Horizontal Compression – Properties, Graph, & Examples
Is it possible for us to shrink or compress graphs horizontally? When do we compress graphs along the x-axis, and how does it affect its expression? These are some of the questions you’ll be able to answer once we learn about this unique transformation technique: horizontal compression.
Horizontal compressions occur when the function’s base graph is shrunk along the x-axis and, consequent, away from the y-axis.
Isn’t it interesting that by inspecting coefficients, we can either stretch or compress a function’s graph? Mastering the different types of transformations will save us time and help us better understand functions and graphs.
This is why we’ve written about this topic extensively. Think you need a refresher in any of these topics below? Feel free to click the links!
- Identify and learn how common parent functions are graphed.
- Master vertical and horizontal translations
- Learn how you can vertically and horizontally stretch graphs.
- Observe how vertical compressions are applied to graphs here.
As for this article’s goal, why don’t we go ahead and learn more about horizontal compression?
What is a horizontal compression?
Given that y = f(x) is the function that we want to transform, f(x) will undergo a horizontal compression when the scale factor, a ( where a > 1), is multiplied to the input value or x for this case.
This means that when we multiply x by a scale factor greater than 1, we expect its graph to shrink by the same scale factor.
Why don’t we compress f(x) = x2 by scale factors of 2 and 4?
As can be observed from the graph, when we multiply x by 2, the new graph is a compressed version of the original graph. We also expect a similar effect when x is multiplied by 4, but this time, the graph compresses by a scale factor of 4.
Note that despite being compressed horizontally, the y-coordinates and intercepts remain the same. What do we expect from the transformed functions’ coordinates?
If the base function passes through (m, n), the horizontally compressed graph will pass through (m/a, n).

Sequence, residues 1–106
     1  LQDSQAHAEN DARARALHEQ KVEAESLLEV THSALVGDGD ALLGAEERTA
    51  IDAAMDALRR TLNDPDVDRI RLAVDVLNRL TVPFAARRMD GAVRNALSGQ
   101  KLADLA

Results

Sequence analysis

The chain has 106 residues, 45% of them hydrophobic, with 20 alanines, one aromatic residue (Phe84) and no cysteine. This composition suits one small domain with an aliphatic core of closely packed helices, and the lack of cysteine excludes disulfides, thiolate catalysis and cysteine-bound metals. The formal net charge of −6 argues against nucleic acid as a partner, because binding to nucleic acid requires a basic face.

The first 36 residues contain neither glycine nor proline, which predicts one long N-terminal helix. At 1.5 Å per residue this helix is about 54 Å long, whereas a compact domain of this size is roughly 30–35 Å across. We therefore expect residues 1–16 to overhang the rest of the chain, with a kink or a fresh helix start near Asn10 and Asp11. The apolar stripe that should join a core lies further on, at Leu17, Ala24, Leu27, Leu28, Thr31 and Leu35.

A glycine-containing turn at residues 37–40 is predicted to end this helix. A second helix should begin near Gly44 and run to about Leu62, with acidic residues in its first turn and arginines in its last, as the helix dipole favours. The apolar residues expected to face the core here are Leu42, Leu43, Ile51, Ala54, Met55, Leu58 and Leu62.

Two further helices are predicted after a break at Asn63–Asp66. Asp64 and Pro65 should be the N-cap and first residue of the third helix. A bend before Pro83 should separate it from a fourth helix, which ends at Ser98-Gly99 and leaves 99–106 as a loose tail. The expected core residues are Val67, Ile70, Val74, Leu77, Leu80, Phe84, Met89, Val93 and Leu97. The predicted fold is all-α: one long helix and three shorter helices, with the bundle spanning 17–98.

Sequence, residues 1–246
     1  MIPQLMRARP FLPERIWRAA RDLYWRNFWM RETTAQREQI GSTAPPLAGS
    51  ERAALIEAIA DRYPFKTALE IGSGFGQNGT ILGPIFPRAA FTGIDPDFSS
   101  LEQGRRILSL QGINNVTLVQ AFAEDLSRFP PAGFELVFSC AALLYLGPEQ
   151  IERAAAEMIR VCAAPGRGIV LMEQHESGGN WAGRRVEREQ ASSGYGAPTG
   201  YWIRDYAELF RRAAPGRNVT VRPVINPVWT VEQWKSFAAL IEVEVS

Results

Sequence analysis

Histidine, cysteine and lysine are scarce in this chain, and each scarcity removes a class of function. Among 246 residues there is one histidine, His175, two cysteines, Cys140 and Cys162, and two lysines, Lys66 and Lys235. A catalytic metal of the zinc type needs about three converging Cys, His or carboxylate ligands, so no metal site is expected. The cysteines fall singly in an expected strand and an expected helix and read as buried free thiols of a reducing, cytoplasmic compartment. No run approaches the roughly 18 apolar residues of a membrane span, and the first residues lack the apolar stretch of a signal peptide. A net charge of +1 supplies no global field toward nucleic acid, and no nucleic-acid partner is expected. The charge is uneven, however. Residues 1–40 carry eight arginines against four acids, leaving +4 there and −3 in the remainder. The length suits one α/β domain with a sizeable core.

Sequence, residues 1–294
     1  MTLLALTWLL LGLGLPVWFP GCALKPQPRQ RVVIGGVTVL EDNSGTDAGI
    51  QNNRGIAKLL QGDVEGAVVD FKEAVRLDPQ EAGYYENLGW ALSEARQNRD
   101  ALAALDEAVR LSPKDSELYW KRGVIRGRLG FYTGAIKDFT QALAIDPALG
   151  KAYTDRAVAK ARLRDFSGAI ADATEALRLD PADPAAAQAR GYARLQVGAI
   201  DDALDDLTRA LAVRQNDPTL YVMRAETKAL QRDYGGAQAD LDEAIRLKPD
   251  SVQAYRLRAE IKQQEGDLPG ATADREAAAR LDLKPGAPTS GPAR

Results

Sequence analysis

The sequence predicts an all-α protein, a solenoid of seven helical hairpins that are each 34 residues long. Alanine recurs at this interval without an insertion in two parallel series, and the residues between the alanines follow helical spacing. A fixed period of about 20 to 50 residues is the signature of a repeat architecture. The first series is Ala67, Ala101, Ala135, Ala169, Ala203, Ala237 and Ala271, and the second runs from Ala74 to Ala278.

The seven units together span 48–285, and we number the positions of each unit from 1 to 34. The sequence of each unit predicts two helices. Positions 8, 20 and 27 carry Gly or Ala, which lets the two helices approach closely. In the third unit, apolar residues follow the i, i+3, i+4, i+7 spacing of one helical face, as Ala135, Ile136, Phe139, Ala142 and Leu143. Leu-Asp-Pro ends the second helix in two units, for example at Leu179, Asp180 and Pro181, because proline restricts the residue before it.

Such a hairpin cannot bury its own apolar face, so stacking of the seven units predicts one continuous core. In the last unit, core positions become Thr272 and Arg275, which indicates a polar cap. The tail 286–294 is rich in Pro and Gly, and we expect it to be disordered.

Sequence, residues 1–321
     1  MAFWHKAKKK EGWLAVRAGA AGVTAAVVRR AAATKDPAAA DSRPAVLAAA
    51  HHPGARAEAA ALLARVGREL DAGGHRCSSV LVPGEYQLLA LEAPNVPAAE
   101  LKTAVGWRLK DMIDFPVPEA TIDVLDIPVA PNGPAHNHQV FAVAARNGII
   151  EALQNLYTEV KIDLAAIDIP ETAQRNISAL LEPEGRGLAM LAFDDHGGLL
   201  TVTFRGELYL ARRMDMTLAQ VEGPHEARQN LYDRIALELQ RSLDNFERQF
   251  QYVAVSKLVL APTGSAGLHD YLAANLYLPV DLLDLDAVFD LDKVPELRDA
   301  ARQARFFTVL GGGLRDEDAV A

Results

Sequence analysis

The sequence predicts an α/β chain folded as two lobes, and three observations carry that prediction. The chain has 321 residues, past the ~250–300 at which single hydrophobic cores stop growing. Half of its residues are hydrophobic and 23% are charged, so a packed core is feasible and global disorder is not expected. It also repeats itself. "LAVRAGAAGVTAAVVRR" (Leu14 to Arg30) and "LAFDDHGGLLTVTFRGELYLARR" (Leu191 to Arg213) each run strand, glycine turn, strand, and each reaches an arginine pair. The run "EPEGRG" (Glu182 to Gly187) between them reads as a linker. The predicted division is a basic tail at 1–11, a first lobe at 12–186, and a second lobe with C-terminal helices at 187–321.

How to horizontally compress a function?
We’ve now seen how horizontal compressions affect the graph and points of a function’s graph. Why don’t we start applying our knowledge to compress and graph functions? Before we do, here are some important reminders to remember:
- Make sure to compress the base graph horizontally by checking the reference points’ new positions.
- The y-coordinates would remain in the same position. Consequently, make sure that the y-intercepts remain in the same position.
- Make sure that the graph and its points are scaled correctly.
Why don’t we graph the parent function, f(x) = x2, and plot some reference points as well? Our goal is to graph the function g(x) = (4x)2.
Based on what we’ve just learned, make sure that the coordinate points’ x-coordinates are reduced by 1/4. The current points will now be:
- (-2, 4) → (-1/2, 4)
- (-1, 1) → (-1/4, 1)
- (1, 1) → (1/4, 1)
- (2, 4) → (1/2, 4)
Let’s go ahead and plot these points and the graph of g(x) to compare the two graphs.
As we have expected, since g(x)’s input value is scaled by a factor of 4, we expect the graph of f(x) to shrink by the same scale factor.
The graph shown above confirms this and shows how g(x) is the result of f(x) being horizontally compressed by a scale factor of 4.
Summary of horizontal compression definition and properties
Are you ready to answer more problems involving horizontal compressions? Why don’t we recap what we learned so far first before we do:
- Horizontal compression depends on the scale factor multiplied by the input value (usually x).
- When f(x) is compressed horizontally to f(ax), divide the x-coordinates by a.
- Retain the y-intercepts and coordinates’ positions.
- The transformed function will have the same range but may have a different domain.